The idea of lovable bears crooning country sonnets and plucking fiddles was a novel entertainment conceit that seemed to resonate with potential guests. Imagineer and Disney Legend Marc Davis conceptualized bears as tuba players, circus act bands, and “one-bear bands,” and from all those knee-slapping comedic gags and the jolly country-and-western cast of character designs, the centralized idea of what we know as the Country Bear Jamboree came to be. Imagineer and Disney Legend Xavier “X” Atencio conceived a country-themed script based on the popularity of country music in Florida at the time and developed the lyrics for the opening song, “Bear Band Serenade.” Additionally, animator and story artist Al Bertino rounded out the crew to help with timing and story pacing. Davis and Bertino worked together to discover and curate the rollicking country tunes that would fit within the show. Composer-conductor and Disney Legend George Bruns, who wrote the classic songs for Robin Hood (1973), Babes in Toyland (1961), and Zorro (TV, 1957–1959), conducted the Country Bear Jamboree soundtrack. An interesting nod to his musical career was the bear-friendly modified version of “The Ballad of Davy Crockett” which he had originally created for the three-part Davy Crockett television series that premiered on the Disneyland TV show, which was also later edited into the successful feature Davy Crockett, King of the Wild Frontier (1955).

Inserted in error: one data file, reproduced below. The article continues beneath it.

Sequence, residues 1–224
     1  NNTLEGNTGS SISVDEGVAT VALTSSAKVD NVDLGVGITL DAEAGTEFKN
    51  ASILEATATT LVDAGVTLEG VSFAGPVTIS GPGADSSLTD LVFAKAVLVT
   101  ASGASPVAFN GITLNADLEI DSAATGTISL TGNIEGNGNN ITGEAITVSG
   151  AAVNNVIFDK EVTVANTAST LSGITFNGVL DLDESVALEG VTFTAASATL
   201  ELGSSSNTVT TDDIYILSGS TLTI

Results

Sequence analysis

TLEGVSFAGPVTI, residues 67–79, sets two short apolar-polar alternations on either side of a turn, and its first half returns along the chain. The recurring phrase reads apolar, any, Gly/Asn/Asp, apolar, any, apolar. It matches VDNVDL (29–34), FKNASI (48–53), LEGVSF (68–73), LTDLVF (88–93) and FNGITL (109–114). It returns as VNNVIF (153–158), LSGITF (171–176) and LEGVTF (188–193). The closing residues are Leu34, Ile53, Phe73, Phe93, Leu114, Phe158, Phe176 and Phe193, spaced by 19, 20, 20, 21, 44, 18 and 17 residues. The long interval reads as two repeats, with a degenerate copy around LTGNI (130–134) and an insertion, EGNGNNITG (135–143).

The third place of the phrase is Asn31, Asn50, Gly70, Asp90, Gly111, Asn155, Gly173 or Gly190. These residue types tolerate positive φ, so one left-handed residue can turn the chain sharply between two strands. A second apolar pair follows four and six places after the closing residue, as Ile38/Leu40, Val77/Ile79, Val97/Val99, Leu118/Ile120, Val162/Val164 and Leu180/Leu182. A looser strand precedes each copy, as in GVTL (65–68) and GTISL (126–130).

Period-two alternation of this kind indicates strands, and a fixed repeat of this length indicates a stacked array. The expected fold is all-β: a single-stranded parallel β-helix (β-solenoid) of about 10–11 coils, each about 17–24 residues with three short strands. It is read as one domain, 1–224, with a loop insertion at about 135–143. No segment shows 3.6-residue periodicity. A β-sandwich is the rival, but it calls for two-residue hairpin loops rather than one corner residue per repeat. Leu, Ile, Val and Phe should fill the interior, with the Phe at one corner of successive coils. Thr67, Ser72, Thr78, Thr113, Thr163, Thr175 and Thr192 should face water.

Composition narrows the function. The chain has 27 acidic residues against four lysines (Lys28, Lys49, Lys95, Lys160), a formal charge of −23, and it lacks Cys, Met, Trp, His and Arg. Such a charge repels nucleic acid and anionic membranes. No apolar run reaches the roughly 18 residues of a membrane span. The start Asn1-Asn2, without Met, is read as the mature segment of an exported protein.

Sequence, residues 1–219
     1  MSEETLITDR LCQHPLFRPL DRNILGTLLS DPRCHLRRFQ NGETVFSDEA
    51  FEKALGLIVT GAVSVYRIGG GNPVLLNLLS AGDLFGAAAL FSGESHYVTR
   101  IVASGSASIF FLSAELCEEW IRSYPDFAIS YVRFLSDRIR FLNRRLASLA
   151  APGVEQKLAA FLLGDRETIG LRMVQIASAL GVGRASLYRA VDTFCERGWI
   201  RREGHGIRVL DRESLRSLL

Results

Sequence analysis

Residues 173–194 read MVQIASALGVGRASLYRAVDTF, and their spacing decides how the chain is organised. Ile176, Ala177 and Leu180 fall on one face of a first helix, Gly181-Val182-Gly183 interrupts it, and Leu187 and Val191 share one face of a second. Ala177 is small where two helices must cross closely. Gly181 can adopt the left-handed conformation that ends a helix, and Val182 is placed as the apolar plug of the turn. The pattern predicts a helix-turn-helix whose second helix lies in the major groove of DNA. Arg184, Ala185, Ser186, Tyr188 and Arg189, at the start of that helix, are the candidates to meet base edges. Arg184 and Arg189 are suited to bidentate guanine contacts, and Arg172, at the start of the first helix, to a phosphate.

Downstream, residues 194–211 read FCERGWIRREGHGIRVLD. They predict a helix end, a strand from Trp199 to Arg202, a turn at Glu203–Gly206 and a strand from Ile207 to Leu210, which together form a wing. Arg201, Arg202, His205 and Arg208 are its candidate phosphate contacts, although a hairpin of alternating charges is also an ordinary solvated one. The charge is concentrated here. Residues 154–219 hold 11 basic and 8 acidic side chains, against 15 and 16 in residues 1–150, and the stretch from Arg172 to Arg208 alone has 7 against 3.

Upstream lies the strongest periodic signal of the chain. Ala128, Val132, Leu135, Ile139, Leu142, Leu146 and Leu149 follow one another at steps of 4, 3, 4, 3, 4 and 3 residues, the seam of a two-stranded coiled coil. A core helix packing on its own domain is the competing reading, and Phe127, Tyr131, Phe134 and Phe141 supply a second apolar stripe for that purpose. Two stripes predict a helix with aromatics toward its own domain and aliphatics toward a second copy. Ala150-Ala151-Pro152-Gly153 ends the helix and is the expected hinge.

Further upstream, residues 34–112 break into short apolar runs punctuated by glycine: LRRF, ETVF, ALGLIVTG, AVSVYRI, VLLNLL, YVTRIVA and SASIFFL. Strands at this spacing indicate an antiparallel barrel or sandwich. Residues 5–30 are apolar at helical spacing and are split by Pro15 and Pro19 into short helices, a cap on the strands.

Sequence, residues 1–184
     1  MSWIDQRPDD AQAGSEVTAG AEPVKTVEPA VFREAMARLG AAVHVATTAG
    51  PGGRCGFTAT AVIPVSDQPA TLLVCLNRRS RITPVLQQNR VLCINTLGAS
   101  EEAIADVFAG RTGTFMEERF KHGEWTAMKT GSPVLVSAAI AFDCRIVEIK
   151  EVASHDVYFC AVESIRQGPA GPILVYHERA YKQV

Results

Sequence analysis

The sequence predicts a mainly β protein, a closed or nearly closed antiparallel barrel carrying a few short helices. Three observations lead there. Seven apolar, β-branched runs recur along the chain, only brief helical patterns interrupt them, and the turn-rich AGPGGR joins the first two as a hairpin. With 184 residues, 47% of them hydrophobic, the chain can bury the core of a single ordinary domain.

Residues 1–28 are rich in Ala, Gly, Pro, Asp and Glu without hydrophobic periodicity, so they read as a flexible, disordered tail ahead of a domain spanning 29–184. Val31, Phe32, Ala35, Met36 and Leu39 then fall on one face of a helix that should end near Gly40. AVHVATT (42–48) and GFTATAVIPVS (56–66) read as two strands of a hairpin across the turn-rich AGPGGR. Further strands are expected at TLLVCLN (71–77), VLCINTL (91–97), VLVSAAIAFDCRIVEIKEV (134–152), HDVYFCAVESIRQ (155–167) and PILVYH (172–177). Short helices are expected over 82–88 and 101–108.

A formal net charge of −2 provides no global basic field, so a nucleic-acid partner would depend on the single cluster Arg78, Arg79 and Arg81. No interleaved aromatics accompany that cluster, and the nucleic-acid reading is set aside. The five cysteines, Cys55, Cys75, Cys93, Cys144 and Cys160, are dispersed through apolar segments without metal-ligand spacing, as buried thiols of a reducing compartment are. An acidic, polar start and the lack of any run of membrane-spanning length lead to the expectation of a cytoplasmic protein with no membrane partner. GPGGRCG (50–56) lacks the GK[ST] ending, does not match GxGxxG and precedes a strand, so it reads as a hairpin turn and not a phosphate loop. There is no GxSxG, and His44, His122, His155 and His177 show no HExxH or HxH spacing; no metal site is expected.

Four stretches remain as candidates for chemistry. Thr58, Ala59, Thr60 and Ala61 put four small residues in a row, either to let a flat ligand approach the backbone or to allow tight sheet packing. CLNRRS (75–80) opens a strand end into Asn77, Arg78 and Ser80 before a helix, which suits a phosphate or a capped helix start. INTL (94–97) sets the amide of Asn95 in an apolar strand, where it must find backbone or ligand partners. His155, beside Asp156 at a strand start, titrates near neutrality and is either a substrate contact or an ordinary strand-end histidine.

The talented voices behind the Country Bear Jamboree entertainers were a wide-ranging crew of critters. The master of ceremonies, Henry, and Max the stag were voiced by Pete Renaday, who also performed a plethora of Disney characters, from the captain on the Sailing Ship Columbia at Disneyland to Captain Nemo in 20,000 Leagues Under the Sea (1971–1994) and Abraham Lincoln in The Hall of Presidents (1993–2008) at the Magic Kingdom. Another familiar, burly voice comes from Buff the buffalo, played to delightful effect by Disney Legend Thurl Ravenscroft, whose familiar basso animates a singing bust in the Haunted Mansion and Fritz the parrot in Walt Disney’s Enchanted Tiki Room. Other notable voices were playback singer Bill Lee, who was also a member of the Mello Men, as Melvin the moose and Sammy the raccoon, actor Bill Cole as Wendell, and country singer Cheryl Poole as Trixie. A country music family band, The Stonemans, filled in various roles for the Country Bear Jamboree as Liver-Lips McGrowl, Ernest the Dude, and dimpled darling of the Dakotas, Teddi Barra. The Stoneman Family included Donna, Patsy, Roni, Van, and Jim Stoneman, and they performed as a sleuth of bears from Liver-Lips, Terrence, Ernest, and Teddi Barra. The Sun Bonnets from the Sunshine State are featured via the musical talents of singer Jackie Ward as Bunny, vocalist Loulie Jean Norman as Bubbles, and songster Peggy Clark as Beulah. The over-the-top, show-stopping bear Big Al finds his voice in legendary American country music singer Tex Ritter. Big Al’s notorious rendition of “Blood on the Saddle” comes from Ritter’s 1946 recording of the song. The souvenir record album contains the show in its entirety along with traditional instrumental songs like “Wabash Cannonball” and “Red River Valley.”